In about three weeks our seniors will be graduating. They’ll gather in their black robes and square topped hats, march into the performing arts center (to the tune of a bagpipe, not pomp and circumstance; ACMA is a little less conventional than a more traditional high school), and sit down on stage for a ceremony that is part concert, part celebration, and part performance art.
One of the beautiful anomalies of the afternoon is seeing the whole graduating class, so wildly individual and creative, all together in their unifying commencement garb. Those funny tasseled caps and matching robes present our students in a serious and almost solemn way, beautifully juxtaposed with the spirit of creativity that defines our ceremony and lives within each of them.
There will be a jazz number, maybe two, a piece by our orchestra, and one from vocal music. Next week the seniors will vote on another entertainment for the ceremony that could be music, poetry, dance, or any other expression of art they’d like to see that day. Those performances are some of the highlights of the ceremony, true reflections of our school and reminders of the power of art.
Our valedictorian will speak and a faculty member chosen by the graduating class. From these august voices the class of 2019 will receive inspiration and advice, and if I know our students and staff, we’ll laugh a bit and see our eyes moisten with emotion.
Two student speakers will take to the podium, stoking memories and offering perspective, giving the audience and their peers a window into the world of a student saying goodbye to a school she has known so intimately. I’m often moved and surprised by the depth of insight the senior speakers offer, heartfelt, honest, real. These speeches, interwoven with the musical performances, make our commencement a work of art.
Tradition dictates that as the principal I say a few words. It’s a job I’ve seen done a whole host of ways, from fatherly or motherly advice to attempts at wit, groaning acrostics, meandering and melodramatic monologues, and rafts of quotations tied together with dramatic pauses. I don’t want to do that.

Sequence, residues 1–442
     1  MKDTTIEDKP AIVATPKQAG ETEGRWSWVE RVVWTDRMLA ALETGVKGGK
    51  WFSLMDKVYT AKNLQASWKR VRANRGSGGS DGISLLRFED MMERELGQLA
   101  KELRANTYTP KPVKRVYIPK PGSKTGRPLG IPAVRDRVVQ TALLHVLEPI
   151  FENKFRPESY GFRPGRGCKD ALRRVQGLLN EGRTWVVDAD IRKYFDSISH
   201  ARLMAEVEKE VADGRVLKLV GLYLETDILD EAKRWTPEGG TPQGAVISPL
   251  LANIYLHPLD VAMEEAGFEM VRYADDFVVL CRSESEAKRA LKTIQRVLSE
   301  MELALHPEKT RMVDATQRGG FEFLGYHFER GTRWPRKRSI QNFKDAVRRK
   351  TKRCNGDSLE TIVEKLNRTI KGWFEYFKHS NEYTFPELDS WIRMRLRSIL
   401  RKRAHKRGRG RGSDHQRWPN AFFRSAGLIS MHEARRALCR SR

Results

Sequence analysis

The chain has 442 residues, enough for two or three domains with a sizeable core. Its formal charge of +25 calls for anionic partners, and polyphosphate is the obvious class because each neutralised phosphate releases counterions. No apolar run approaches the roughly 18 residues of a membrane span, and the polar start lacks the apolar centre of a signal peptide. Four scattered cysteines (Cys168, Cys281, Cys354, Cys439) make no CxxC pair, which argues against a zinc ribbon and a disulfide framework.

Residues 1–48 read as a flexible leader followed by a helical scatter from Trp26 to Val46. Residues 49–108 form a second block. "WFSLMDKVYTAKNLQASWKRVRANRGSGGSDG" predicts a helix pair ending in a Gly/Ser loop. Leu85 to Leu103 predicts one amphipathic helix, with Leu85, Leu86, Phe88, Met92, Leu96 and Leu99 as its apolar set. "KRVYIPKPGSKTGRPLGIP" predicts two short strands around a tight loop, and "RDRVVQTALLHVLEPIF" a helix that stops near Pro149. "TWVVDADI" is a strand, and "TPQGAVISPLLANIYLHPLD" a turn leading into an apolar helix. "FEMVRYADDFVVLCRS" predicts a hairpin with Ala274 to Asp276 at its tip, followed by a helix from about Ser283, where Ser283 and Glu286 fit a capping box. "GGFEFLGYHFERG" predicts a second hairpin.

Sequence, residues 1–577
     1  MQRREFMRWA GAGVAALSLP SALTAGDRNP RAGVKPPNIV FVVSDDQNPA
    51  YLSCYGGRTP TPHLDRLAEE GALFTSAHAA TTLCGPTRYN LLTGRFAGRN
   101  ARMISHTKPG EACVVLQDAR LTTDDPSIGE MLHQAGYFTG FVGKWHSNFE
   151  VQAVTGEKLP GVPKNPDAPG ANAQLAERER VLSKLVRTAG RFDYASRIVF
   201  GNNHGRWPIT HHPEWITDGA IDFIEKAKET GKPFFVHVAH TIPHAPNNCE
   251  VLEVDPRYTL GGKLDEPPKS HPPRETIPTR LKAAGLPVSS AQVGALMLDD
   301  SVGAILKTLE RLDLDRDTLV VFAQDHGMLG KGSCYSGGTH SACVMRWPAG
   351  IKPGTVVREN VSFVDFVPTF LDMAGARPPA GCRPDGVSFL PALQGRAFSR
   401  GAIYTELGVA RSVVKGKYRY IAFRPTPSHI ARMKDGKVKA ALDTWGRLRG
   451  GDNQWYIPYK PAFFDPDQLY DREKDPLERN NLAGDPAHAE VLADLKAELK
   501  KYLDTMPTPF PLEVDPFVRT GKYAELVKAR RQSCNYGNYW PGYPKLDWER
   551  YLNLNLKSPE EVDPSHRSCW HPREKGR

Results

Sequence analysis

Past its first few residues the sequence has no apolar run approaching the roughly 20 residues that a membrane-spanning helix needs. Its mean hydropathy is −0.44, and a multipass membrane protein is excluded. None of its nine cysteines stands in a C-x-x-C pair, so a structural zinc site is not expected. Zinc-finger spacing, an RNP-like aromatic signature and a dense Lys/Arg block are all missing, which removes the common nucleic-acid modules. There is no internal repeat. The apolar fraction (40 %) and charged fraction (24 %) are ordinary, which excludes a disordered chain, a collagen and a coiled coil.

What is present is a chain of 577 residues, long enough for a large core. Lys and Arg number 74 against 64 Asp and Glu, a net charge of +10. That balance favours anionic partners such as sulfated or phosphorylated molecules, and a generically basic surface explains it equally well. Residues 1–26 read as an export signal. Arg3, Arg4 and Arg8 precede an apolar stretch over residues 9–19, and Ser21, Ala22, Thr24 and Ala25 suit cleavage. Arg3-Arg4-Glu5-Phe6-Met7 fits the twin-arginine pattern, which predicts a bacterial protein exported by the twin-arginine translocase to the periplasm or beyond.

Any advice I’d offer my graduates have already heard from me. I’ve given them the talk about the unifying and transformational power of art. Heck, they will have just seen it in their classmates’ performances.
If I’ve done my job, they’ve heard me talk about the importance of looking out for one another, taking care of friends and strangers, and making connections with those around them. They’ve listened when I’ve thanked or praised them for good work, both artistic and human. They’ve been told how important they are, how much they’ve meant to our school, and how much we’ll miss them when they leave. We really will.
The ones who need it have already gotten those extra promptings and pushes to realize their potential. Some got paternal talks in my office. Some heard me talk about my own failures along the way; we all stumble, they’ve heard me say, and they have the strength to get back up. I believe in them. I do.
So, my commencement address doesn’t need to be The Principal’s Greatest Hits Album.
And don’t let me quote Dr. Seuss.
But that’s not fair; Theodor Geisel has provided graduates with advice about the places they’ll go for years, and who am I to imagine that I’ve got the right answers to their unspoken questions.
I graduated up in the 1980s, when quotable advice showed up in movies like Teen Wolf:
There are three rules that I live by: never get less than twelve hours sleep; never play cards with a guy who has the same first name as a city; and never get involved with a woman with a tattoo of a dagger on her body.”
I’m not sure how that dagger line would go over at graduation. No, I guess I’m pretty sure.
So, no Teen Wolf this year, but there will be a moment in the ceremony where I’ll step to the mic, knowing it’s my turn to say something. People expect it. Tradition.
Last year I read a poem.
I’d taught a few English classes over the course of the year, including some poems by C.P. Cavafy. The experience had moved me deeply and it felt right to offer my graduates “Ithaca” before they set sail on their own journeys.
And… I’m not one to repeat myself, so this year, without Greeks or daggers, Seuss or sagacity, I’ve got it in my head to suggest just one idea, a final nod of advice from an adult who counts himself fortunate to have know this beautiful, creative, and kind senior class.
I’ll say no more right now; I have to have some element of surprise when I get up there to speak. Once the shindig is over, the mortarboards have hit the ground, and the seniors have walked out of the theater to a tune by our jazz band, I’ll reprint the speech here, nothing fancy, and far, far, far shorter than most will expect. My modest contribution to a celebration of our graduates.